Information about project titled 'Screening of athletes'
Screening of athletes
|Details about the project - category||Details about the project - value|
|Project manager:||Arnhild Bakken|
|Coworker(s):||Karim Khan, Johannes Tol, Cristiano Eirale, Stephen Targett, Rodney Whitely|
Injury and illness are common in athletes, particularly in those competing at an elite level. A periodic health evaluation (PHE) or a pre-participation examination (PPE) is a tool that is widely used to detect and manage current health problems which may influence their ability to train or compete, as well as to identify the athlete at risk in order to be able to decrease the risk of future injury and illness.
In a recent position statement on the PHE of elite athletes by the International Olympic Committee (IOC), the IOC call for further research into the role of PHE in protecting the health of the athlete.
Research into the effectiveness of PHE in preventing injury and illness is very limited. Furthermore there is little agreement on what should be included in a PHE and at what stage in the competitive season it should be performed. Recently, the efficacy of PHE detecting serious problems in the elite athlete has also been questioned.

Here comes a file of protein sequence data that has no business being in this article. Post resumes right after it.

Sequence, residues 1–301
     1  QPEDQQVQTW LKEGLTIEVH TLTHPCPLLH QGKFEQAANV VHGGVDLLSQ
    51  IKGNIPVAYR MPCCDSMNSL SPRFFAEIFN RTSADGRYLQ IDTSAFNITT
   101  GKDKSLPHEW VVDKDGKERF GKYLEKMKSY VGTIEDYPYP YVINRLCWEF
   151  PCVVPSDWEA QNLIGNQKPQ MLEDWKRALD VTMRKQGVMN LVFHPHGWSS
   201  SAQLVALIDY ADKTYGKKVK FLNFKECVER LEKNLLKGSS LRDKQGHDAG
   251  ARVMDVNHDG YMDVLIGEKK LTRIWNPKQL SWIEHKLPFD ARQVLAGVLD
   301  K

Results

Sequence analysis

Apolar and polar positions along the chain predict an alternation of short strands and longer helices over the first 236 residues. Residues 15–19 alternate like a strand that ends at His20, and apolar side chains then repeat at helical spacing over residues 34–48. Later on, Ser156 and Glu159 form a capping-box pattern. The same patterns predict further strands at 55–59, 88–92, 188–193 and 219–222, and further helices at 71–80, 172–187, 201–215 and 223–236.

The aim of this study is to document the benefits of PHE in athletes with a focus on musculoskeletal screening.
As part of the Aspetar Sports Injury and Illness Prevention Program (ASPREV) in Doha, Qatar, all athletes will undergo a pre-season PHE to look for any risk factors for injury and illness and to detect current injury and illness.
They will be screened for the following PHE components: a questionnaire regarding patient and family history, cardiac examination, general medical examination, laboratory blood tests, vision, pulmonary function, women health issues and musculoskeletal examination.
In addition, with the ASPREV program, all athletes will be screened for risk factors for injuries including isokinetic muscle strength tests and functional movement test (9+). The athletes will be monitored regularly by National Sports Medicine Program (NSMP) for factors related to health status, performance and injury registration.